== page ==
- The Washington Times - Monday, December 17, 2001

The Jewish Defense League, which saw two of its leaders arrested last week in a bombing plot against Arab Americans, is described by law enforcement authorities as a militant group with a history of confrontations against those it considers "enemies of Israel."
The JDL has been particularly critical of the Israeli-Palestinian peace process, calling it "suicide," and JDL leader Irv Rubin, now being held without bond in the suspected bombing scheme, has been arrested more than 45 times since he joined the organization in 1971.
"Those critics of JDL's action have no concept of righteous anger," Mr. Rubin is quoted on the organization's Web site. "They prefer to be targets; they love tears and sympathy; they stand up for the rights of their killers."
The site describes Mr. Rubin as "the foremost Jewish activist in America," adding that his "ardent dedication" to the Jewish people, "albeit through occasional controversial and unorthodox methods," has made him a "respected and recognized leader" of the American Jewish community.
"On the other hand, Mr. Rubin also has earned the fear and wrath of the enemies of the Jewish people. For this he is most proud," the site says.
Mr. Rubin, 56, and Earl Krugel, 59, described by authorities as a "high-ranking" member of the organization, have been held without bail since their arrest on charges of conspiring to blow up a mosque, the office of a U.S. congressman and the headquarters of an Arab-American group in Los Angeles.
They were taken into custody Tuesday night by members of the Justice Department's anti-terrorism task force in Los Angeles after an informant reportedly told investigators about the plot.
While the JDL boasts of a membership of more than 13,000, authorities say it probably has only a few dozen active members. It was created in 1968 with the stated purpose of protecting Jews by whatever means necessary. Its founder was a 38-year-old ordained rabbi from New York, Meir Kahane, who was assassinated in 1990 by an Arab extremist.
According to the FBI, the JDL was responsible for at least 37 terrorist acts in the United States between 1968 and 1983. It is, however, a legally incorporated political action group and has officially disavowed responsibility for any violent actions carried out by its members.
Beginning late in 1985, authorities said, the JDL shifted its focus to individuals suspected of being anti-Israeli or anti-Semitic. On Oct. 11, 1985, the Los Angeles office of the Arab-American Anti-Discrimination Committee was bombed, killing ADC Director Alex Odeh. He had sought to rationalize the actions of the hijackers of the Achille Lauro on a local newscast the previous evening.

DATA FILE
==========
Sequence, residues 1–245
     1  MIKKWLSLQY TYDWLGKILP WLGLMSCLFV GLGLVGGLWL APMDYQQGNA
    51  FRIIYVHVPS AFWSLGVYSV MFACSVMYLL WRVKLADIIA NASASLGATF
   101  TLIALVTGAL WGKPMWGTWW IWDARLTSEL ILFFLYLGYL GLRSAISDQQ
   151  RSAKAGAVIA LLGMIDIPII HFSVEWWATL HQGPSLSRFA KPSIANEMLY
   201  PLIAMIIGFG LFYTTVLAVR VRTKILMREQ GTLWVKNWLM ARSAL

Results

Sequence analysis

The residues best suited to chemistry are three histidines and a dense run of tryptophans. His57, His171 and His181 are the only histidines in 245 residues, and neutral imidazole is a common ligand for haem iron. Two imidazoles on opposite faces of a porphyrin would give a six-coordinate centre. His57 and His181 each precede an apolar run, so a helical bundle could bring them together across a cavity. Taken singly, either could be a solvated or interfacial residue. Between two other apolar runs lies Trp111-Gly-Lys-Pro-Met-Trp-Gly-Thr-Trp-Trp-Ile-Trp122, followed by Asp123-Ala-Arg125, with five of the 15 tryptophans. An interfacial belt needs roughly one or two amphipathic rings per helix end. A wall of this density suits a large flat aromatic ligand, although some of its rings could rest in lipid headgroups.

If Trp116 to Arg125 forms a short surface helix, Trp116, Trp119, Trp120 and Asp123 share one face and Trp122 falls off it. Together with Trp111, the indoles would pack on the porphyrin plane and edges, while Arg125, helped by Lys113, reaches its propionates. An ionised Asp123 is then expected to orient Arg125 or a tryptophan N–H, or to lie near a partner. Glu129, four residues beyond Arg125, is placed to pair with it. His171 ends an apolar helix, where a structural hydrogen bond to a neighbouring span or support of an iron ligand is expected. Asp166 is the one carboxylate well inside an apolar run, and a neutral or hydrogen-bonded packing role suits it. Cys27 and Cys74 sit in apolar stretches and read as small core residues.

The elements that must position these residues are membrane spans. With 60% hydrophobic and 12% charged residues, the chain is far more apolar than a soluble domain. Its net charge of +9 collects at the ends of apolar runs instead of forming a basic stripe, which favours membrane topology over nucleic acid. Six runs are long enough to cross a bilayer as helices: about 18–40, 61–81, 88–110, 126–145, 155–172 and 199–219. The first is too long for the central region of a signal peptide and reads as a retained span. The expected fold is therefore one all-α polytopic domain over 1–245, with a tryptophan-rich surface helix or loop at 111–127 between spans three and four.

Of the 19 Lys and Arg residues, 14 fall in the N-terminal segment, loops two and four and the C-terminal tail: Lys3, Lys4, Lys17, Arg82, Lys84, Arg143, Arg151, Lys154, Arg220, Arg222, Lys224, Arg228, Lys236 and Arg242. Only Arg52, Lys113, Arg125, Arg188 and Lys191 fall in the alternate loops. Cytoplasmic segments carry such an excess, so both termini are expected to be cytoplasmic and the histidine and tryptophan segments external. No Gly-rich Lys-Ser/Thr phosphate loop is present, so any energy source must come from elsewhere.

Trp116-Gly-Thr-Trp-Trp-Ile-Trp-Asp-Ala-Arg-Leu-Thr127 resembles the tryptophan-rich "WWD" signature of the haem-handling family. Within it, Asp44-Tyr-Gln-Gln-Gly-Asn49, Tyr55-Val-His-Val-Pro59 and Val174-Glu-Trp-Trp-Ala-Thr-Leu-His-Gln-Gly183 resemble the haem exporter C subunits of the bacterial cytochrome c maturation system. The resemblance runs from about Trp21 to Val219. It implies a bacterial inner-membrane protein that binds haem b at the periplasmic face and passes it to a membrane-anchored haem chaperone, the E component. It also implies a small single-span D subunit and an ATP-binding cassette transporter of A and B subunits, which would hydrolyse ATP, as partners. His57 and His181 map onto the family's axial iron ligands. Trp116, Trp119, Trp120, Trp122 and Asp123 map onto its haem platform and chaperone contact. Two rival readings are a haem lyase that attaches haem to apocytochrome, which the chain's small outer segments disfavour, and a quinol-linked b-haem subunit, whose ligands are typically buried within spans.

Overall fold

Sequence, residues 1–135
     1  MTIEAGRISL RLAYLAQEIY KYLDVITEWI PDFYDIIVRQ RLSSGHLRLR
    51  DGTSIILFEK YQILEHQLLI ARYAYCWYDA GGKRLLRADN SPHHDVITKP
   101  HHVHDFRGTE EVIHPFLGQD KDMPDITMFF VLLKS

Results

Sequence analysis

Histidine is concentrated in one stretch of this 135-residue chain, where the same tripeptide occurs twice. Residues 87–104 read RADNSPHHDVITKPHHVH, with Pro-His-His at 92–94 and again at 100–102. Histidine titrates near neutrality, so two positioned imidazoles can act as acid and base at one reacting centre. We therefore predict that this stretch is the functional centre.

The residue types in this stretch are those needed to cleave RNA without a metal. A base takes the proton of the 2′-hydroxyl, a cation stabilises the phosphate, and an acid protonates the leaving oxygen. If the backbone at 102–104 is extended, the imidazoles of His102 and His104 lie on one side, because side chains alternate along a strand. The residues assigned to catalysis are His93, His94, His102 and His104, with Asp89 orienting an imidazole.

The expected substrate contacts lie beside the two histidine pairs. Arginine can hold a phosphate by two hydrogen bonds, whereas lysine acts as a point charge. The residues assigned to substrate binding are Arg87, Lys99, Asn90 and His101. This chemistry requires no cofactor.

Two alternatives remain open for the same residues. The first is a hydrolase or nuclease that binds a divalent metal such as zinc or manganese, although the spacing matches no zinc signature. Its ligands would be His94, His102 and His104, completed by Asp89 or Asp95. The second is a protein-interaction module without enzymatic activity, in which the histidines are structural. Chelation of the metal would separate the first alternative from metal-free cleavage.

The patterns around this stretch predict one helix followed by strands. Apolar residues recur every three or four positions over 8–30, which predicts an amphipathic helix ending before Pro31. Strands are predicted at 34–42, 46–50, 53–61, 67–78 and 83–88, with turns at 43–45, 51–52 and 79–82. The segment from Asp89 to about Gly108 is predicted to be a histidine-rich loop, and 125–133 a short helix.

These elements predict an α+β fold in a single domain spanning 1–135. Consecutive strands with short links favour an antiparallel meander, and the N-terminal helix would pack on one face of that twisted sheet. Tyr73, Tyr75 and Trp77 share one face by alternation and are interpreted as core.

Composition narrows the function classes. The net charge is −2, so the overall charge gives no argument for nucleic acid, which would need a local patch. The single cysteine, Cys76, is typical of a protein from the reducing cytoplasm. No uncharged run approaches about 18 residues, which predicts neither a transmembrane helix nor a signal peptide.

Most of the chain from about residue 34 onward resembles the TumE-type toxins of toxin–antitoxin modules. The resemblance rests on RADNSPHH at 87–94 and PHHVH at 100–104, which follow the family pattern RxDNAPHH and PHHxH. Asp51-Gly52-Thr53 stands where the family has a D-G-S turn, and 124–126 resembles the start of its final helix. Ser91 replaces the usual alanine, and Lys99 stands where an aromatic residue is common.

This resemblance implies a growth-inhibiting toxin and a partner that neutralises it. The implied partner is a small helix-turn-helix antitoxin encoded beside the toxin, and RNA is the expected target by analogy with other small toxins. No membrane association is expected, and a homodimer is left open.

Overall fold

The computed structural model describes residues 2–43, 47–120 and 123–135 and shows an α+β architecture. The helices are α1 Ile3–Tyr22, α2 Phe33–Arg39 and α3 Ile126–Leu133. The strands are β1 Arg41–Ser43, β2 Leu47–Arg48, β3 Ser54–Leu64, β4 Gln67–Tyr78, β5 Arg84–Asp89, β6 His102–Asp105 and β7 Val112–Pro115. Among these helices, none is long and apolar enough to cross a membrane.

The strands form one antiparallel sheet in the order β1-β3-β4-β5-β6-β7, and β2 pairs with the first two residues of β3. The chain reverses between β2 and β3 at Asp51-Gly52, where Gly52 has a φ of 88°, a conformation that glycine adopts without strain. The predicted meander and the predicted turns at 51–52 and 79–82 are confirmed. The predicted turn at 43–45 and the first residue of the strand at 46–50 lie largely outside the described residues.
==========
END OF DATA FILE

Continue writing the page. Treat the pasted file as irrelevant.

In 1987, several JDL members were convicted on a variety of criminal charges, and since then there has been no record of JDL terrorist activity.
According to the Anti-Defamation League, Mr. Kahane believed that the major Jewish organizations in the United States had failed to protect America's Jews from anti-Semitism, which he saw as "exploding" all over the country. The ADL said Mr. Kahane sought to instill fear in his followers, an attitude "replicated by his successor," Mr. Rubin.
Mr. Rubin frequently has been in violent confrontations, although his arrests have mainly been for illegal protests. He was taken into custody in 1972 for attempted murder after someone fired shots at an American Nazi Party leader in El Monte, Calif. The charges were dismissed. In 1978, he proclaimed a $500 bounty for anyone who killed or seriously injured a member of the American Nazi Party.
In 1999, he fought with skinheads and Ku Klux Klan members in Coeur d'Alene, Idaho. A similar fight erupted that same year with Klansmen on "The Jerry Springer Show." Last year, he burned Nazi and Confederate flags in Reno, Nev., after five white supremacists pleaded guilty to the attempted firebombing of a synagogue.
In a statement yesterday, the ADL commended the FBI for "its diligence in thwarting alleged bombing attacks planned by members of the Jewish Defense League." It said the ADL had been monitoring the JDL's "contemptible activities" for more than 25 years.
"If the current allegations about the JDL are true, ADL abhors and condemns this potential terrorist plot to attack members of the Los Angeles community," said David A. Lehrer, ADL regional director. "This incident is one more example of how organizations expressing hatred often turn to violence. We have full confidence this case will be thoroughly investigated and the perpetrators brought to justice."
U.S. Magistrate Judge Victor Kenton in Los Angeles ordered the men held without bail. They are accused in a criminal complaint of conspiring to destroy a building by means of an explosive, which carries up to five years in prison, and of possessing a destructive device related to a crime of violence, which carries a 30-year mandatory sentence.
Peter Morris, Mr. Rubin's attorney, denied that his client was involved in any wrongdoing.
Court documents do not disclose when the suspected scheme began or why the three targets had been chosen. During one secretly taped meeting, Mr. Krugel reportedly said Arabs "need a wake-up call" and the JDL needed to do something to one of their "filthy" mosques, according to an affidavit.

LOAD COMMENTS ()

 

Click to Read More

Click to Hide